Choose a Defense Attorney With The
Experience To Make The Right Moves

Should civilian oversight board have the power to remove police?

On Behalf of | Mar 16, 2018 | Criminal Law |

When it comes to police department reform, communities are looking for ways to have more power in holding officials accountable. In Chicago, one group wants the community to have the power to fire a superintendent.

The Grassroots Alliance for Police Accountability released a proposal that suggests a seven-member civilian board be given the power to fire the city’s police superintendent. It also calls for the mayor to retain the ability to fire a superintendent as well.

The alliance has been working on this proposal for over a year, after the Mayor’s Police Accountability Task Force recommended the city create a community oversight board. Thirteen community groups are involved with the alliance.

Controlling Chicago policy

The proposal further suggests the civilian board have the power to set department policy. While the superintendent and command staff would continue to run day-to-day operations, the board would have the final say on any policy decisions.

It would create a Commission for Public Safety and Accountability to guide leadership, direction and policy on policing in Chicago. The commission’s oversight would reach beyond the Police Department to the Civilian Office of Police Accountability, which investigates police misconduct allegations, and the Chicago Police Board, which decides discipline.

The proposal drew sharp criticism from current police Superintendent Eddie Johnson, who said no one from the alliance worked with him or his staff in their crafting of the proposal. Mayor Rahm Emmanual has yet to comment.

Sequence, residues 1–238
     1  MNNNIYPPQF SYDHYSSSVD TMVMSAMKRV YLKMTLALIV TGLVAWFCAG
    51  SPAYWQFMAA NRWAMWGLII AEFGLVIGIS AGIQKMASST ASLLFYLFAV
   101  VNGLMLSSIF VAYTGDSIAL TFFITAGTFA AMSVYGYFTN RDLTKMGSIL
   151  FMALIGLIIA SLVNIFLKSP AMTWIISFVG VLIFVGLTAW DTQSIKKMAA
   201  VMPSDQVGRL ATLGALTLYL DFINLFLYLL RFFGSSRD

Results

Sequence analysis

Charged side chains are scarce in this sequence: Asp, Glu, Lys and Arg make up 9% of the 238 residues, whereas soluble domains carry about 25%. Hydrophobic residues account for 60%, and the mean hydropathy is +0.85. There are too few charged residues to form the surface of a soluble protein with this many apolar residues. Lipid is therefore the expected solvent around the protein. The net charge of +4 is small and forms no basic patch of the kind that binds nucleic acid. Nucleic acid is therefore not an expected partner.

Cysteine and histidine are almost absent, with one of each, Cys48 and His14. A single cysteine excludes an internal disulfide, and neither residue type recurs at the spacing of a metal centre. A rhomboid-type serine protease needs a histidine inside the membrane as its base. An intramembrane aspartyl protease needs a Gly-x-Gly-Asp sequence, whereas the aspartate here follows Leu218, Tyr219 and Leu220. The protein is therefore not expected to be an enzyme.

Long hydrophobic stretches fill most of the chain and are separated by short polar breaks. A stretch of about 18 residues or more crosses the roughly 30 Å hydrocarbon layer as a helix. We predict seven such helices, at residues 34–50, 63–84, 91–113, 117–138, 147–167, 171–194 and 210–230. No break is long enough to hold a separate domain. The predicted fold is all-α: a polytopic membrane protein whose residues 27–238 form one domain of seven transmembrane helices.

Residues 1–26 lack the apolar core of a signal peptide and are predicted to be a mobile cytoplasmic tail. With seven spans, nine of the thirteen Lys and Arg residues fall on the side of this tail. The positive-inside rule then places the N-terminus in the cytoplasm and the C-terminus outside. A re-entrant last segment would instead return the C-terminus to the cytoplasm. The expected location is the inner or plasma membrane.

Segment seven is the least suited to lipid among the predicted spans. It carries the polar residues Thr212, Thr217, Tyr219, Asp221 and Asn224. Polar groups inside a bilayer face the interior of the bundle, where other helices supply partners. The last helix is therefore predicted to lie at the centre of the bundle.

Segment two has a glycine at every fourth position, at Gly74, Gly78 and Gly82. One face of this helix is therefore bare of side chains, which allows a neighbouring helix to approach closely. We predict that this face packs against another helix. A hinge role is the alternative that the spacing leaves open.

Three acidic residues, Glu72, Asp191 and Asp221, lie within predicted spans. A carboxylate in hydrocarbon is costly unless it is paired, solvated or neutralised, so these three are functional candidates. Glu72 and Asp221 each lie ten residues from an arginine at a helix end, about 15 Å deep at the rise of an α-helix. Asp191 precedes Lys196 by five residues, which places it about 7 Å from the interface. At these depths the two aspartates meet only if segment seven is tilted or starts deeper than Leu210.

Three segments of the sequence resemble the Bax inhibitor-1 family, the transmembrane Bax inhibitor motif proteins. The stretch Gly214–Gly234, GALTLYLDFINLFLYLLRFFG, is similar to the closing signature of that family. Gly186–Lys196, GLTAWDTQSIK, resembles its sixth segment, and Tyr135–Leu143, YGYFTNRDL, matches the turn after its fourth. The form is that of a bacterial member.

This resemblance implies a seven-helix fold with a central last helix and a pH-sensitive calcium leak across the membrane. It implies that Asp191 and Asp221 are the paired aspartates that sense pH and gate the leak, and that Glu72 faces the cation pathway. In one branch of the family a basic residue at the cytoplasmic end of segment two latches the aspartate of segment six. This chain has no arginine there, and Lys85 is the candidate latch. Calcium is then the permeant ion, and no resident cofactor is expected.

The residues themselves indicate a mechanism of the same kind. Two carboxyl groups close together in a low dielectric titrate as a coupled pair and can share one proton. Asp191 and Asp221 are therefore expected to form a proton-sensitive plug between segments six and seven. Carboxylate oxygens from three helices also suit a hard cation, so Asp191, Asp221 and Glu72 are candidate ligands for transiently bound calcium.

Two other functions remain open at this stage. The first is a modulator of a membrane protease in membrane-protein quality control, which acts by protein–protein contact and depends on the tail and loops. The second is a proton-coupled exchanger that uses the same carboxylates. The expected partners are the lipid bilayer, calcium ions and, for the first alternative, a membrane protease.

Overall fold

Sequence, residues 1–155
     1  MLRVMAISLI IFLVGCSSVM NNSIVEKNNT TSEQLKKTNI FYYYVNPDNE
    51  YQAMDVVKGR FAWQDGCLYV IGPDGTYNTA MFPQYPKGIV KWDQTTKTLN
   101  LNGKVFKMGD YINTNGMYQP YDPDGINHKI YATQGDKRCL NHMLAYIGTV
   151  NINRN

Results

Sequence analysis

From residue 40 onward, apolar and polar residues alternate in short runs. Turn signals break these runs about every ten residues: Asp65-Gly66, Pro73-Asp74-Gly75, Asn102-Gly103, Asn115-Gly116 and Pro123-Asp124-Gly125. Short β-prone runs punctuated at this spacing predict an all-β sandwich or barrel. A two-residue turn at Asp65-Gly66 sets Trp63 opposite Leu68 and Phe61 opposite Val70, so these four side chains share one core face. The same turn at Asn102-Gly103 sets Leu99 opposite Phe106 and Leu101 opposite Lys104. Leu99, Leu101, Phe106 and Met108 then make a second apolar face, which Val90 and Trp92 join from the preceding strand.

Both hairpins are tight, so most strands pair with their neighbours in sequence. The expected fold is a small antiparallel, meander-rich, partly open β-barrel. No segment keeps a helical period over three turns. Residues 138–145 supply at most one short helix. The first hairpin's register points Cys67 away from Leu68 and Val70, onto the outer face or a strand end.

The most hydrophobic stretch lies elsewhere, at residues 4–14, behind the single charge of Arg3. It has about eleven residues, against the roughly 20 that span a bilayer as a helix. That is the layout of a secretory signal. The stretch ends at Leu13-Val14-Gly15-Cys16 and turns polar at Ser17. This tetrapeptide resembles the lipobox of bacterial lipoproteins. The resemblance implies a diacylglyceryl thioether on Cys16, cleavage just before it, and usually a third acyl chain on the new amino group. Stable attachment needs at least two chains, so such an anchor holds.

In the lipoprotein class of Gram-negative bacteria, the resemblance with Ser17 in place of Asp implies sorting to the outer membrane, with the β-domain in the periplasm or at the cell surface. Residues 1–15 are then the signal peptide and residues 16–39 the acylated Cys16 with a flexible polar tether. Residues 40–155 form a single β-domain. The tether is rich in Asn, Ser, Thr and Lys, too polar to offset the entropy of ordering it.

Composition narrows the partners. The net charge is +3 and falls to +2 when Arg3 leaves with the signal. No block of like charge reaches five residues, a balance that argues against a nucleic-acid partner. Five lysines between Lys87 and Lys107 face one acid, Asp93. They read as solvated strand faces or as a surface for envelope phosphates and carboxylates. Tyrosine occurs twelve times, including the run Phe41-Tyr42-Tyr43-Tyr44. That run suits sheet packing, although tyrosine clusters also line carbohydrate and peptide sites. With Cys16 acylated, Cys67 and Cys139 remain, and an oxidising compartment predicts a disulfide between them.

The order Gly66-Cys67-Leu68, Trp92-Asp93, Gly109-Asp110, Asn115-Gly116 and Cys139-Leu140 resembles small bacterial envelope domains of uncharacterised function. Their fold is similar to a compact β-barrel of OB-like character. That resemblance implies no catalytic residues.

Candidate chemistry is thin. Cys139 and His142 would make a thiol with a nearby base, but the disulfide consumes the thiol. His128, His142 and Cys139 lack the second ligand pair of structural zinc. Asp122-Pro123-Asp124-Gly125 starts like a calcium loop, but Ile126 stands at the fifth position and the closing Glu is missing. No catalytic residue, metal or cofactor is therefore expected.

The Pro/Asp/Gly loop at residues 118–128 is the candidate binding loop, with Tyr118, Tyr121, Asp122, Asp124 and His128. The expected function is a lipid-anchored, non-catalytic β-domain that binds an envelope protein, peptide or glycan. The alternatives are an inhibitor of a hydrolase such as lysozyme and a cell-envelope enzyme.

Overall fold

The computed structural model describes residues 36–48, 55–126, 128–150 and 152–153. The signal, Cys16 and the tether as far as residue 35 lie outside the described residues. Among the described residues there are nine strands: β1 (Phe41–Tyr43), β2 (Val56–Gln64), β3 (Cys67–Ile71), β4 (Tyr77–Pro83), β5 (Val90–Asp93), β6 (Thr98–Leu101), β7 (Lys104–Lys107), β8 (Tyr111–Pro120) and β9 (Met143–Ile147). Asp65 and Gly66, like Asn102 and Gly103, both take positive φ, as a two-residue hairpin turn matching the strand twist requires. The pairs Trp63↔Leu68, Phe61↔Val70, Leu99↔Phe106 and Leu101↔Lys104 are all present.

Whether or not this proposal is successful in Chicago, it is important for residents to understand when their civil rights are being violated and that they have the ability to receive justice. Police reform may not lead to immediate changes for the better, and there is still a risk that a civil rights violation could occur.

FindLaw Network

Notable Results

Accusation: Attempt First Degree Murder
Facing: 30 years in prison at 85%
Result: Post-conviction petition granted
Accusation: Solicitation of a Prostitute, Obstructing Justice, Battery
Facing: 30 years in prison at 85%
Result: Post-conviction petition granted
Accusation: Solicitation of a Prostitute, Obstructing Justice, Battery
Facing: 365 days in jail, loss of legal residence
Result: Post-conviction petition granted
Accusation: Solicitation of a Prostitute, Obstructing Justice, Battery
Facing: 365 days in jail, loss of legal residence
Result: All charges but battery dropped, one year expungeable supervision
Accusation: Solicitation of a Prostitute, Obstructing Justice, Battery
Facing: 365 days in jail, loss of legal residence
Result: All charges but battery dropped, one year expungeable supervision
Accusation: Attempt First Degree Murder
Facing: 365 days in jail, loss of legal residence
Result: All charges but battery dropped, one year expungeable supervision
Accusation: Attempt First Degree Murder
Facing: 30 years in prison at 85%
Result: All charges but battery dropped, one year expungeable supervision
Accusation: Attempt First Degree Murder
Facing: 30 years in prison at 85%
Result: Post-conviction petition granted
Read Our
Reviews